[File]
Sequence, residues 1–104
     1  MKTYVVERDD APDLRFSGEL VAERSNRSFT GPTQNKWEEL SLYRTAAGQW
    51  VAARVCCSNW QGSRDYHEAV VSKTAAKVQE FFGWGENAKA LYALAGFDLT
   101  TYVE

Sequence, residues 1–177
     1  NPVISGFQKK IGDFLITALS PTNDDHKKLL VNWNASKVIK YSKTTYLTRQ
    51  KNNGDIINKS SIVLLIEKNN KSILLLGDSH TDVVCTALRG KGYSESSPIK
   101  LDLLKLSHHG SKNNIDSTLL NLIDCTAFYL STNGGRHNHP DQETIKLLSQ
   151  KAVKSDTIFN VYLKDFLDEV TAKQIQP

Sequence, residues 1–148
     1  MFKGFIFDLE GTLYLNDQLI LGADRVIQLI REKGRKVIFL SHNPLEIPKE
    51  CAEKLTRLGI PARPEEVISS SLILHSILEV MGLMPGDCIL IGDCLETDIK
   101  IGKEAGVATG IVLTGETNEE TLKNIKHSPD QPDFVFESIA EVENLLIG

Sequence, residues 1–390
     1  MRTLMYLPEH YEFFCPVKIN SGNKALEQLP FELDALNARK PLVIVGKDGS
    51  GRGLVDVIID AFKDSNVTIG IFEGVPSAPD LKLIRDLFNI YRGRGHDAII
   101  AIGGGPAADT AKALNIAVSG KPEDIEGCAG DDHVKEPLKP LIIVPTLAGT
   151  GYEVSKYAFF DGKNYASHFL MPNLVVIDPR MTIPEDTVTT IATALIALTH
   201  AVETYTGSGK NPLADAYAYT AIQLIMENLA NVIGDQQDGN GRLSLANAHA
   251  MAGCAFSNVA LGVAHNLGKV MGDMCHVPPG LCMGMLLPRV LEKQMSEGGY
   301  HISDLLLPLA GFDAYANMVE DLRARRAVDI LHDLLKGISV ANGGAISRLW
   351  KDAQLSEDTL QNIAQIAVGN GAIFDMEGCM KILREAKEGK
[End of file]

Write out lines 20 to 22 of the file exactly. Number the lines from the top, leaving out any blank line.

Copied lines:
   251  MAGCAFSNVA LGVAHNLGKV MGDMCHVPPG LCMGMLLPRV LEKQMSEGGY
   301  HISDLLLPLA GFDAYANMVE DLRARRAVDI LHDLLKGISV ANGGAISRLW
   351  KDAQLSEDTL QNIAQIAVGN GAIFDMEGCM KILREAKEGK